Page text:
Hello Sailor: Life Lessons From An Extreme Sportsman
You would need the endurance and nautical skills of Poseidon himself, to enter the Vendée Globe, a non-stop solo yacht race around the world.
Held once every four years, the race covers 28,000 miles across all the major oceans, battles with severe winds, giant waves and the circumnavigation could take up to three months from start to finish. It is the ultimate in seamanship and can turn sailors into legendary sea gods.
“It’s the world’s most difficult sporting challenge and is a true test of one’s mental and physical strength,” says British sailor Alex Thomson, who has competed four times, placing 3rd in 2012 and 2nd in 2016. A yet-to-be-released documentary, Relentless, highlights the trials, tribulations and triumphs Thomson faced during the Vendée Globe.
Earlier this summer, the celebrated sailor was on a promotional tour in select North American cities, including Toronto, with his 60 foot yacht, the Hugo Boss, so named after the famous fashion brand who has been his sponsor for the last 15 years.
Organizers like to refer to this challenging sports competition as the ‘Everest of the seas,’ but this oceanic race remains in an elite category of it’s own when it comes to endurance with very few successful conquerors. As Thomson noted in Relentless, close to 5000 people have summited Mount Everest but merely 200 have sailed non-stop and solo around the world.
This is a trek with a unique set of strenuous tolls. There is the crushing loneliness – the only other living things the sailors might see are birds and the occasional whale. Sleep amounts to just a few hours daily because of a constant checklist of tasks and then there are the vivid hallucinations from lack of sleep. The below deck cabin is tiny and minimal. A mattress serves as a bed, a sink is the extent of a kitchen and the washroom facilities comprise of a bucket. Meals are packages of freeze dried food.
Built for speed, the boat is just 2.5mm thick carbon fibre so there is always a lookout for floating debris, icebergs or whales, which can easily tear a hole.
The race starts and ends in Les Sables d’Olonne, a seaside town on the Atlantic coast of France, where thousands of people will line the seafront on race day to send off the 60 foot majestic monohull yachts with their solo skipper.
It’s usually an emotional day as spectators and the sailors’ families wonder if they will see these same boats making their way back into the port at the end of the race. There is a high probability that most of the participants will be unable to finish the race and will retire due to high winds or waves or damage to the boat. Occasionally, tragedy strikes. In the 1996-97 edition of the race, Montrealer Gerry Roufs was in the second position in the race when he disappeared suddenly in the South Pacific Ocean.
But what makes an individual want to sign up for such a treacherous trek?
For Thomson, he wants to be the first Englishman to win the Vendée Globe. It’s a sport where most of the winners have been the French.
Oddly, sailing was merely a hobby for him as a teen. What he really wanted to be was a helicopter pilot but an eye examination at age 17 put an end to those dreams when he was told his eyesight was so poor, a career as a pilot in the navy was out of the question.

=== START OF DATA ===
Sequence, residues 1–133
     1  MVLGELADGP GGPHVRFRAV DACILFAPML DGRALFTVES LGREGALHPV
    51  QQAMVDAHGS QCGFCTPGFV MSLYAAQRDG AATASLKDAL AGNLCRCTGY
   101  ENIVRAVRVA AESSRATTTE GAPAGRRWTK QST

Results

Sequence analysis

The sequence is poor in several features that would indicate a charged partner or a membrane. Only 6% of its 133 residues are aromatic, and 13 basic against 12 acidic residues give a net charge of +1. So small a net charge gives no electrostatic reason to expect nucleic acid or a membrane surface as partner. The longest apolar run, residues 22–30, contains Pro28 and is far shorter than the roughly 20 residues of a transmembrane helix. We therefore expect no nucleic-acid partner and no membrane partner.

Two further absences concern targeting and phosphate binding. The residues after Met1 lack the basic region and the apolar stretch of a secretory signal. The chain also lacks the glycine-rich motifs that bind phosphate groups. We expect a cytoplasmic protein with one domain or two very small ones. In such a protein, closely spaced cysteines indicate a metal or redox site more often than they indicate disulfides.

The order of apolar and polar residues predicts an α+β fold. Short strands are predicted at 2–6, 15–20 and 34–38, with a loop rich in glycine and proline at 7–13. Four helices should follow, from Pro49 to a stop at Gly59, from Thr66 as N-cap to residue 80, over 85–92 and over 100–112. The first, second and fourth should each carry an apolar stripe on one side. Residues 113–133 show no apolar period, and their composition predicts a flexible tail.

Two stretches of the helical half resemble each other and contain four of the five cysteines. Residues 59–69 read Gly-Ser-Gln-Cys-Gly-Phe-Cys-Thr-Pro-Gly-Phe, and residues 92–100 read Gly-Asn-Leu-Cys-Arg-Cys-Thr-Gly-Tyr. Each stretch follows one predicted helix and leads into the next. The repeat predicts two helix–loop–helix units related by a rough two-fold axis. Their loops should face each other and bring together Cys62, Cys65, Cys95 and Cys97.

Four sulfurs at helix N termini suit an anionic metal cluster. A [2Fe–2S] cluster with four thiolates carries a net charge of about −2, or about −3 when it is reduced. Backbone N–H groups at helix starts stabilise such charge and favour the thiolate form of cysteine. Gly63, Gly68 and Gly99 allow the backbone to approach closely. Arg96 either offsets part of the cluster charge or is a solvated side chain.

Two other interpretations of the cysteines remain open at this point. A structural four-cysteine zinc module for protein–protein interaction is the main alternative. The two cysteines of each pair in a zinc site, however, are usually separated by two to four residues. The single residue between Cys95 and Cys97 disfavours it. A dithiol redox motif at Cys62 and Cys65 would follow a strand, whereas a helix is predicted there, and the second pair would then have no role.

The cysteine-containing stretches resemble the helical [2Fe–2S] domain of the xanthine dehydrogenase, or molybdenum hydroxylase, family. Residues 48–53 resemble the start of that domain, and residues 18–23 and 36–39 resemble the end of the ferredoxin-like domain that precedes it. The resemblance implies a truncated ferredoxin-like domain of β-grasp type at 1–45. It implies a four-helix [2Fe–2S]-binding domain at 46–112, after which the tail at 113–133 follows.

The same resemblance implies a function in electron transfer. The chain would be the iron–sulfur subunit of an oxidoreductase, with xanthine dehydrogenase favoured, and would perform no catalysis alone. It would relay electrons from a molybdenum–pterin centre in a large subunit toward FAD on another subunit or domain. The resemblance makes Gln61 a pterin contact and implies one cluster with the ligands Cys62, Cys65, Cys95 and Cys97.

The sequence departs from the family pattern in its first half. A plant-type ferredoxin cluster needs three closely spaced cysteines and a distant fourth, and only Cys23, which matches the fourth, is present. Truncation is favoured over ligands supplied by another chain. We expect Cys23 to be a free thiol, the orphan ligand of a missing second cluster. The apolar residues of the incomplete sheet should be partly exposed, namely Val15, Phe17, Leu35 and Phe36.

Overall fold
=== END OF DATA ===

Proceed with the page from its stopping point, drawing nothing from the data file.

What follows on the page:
And that’s when he fell back on his hobby as a career and learnt a valuable lesson – always look at the glass as half full.
During his stint in Toronto, select members of the press were invited for a lunch and a viewing of Relentless before taking a short sail on the striking black boat on Lake Ontario.
While the documentary film focuses on three things – a man, his boat and his obsession to win a race – one thing became strikingly clear about Thomson’s survival tactics. Those same lessons can be applicable when tackling everyday life on land.
We highlight some life lessons from the seasoned sailor.
IN LIFE THERE WILL BE PUNCHES BUT THE TRICK IS HOW FAST YOU RECOVER FROM THE FIRST ONE
‘In our game, you have to be able to recover from the knocks. If you can’t recover the first time it happens, that’s the end. You have to expect it, deal with it and move forward.’
THE VIEW FROM ABOVE GIVES CLARITY
Thomson works with Ken Way, a mental performance coach, who taught him about ‘the helicopter view.’ This tactic comes in handy when he’s facing, not one, but several tough challenges all at once on the boat. During those overwhelming moments, he says, ’I mentally take myself to the top of the mast and look down at that guy on the boat and ask myself, ‘what does that guy down there need to do right now?’”
TO BOOST YOUR SPIRITS, THINK OF WHAT WILL MAKE YOU FEEL LIKE KING OF THE WORLD
When facing those truly harrowing and isolated moments during the race, Thomson resorts to thinking of what the very best possible outcome of the situation would be and tells himself, “What if I won the Vendée Globe right now? I’d be a legend!”
EVEN IN OUR FAST PACED WORLD, SUCCESS CAN TAKE 20 YEARS TO ACHIEVE
Having competed four times in the Vendee Globe, he’s gone from dropping out of the race after his boat overturned to winning 3rd and 2nd place. And he hopes to continue on that trajectory, when he competes in the 2020 race.
“I’ve been chasing the dream of winning the Vendee Globe for 15 years. I’ve had great high points and low points,” he says. “The aim is to win in 2020 and nothing is going to stop me from achieving this goal.”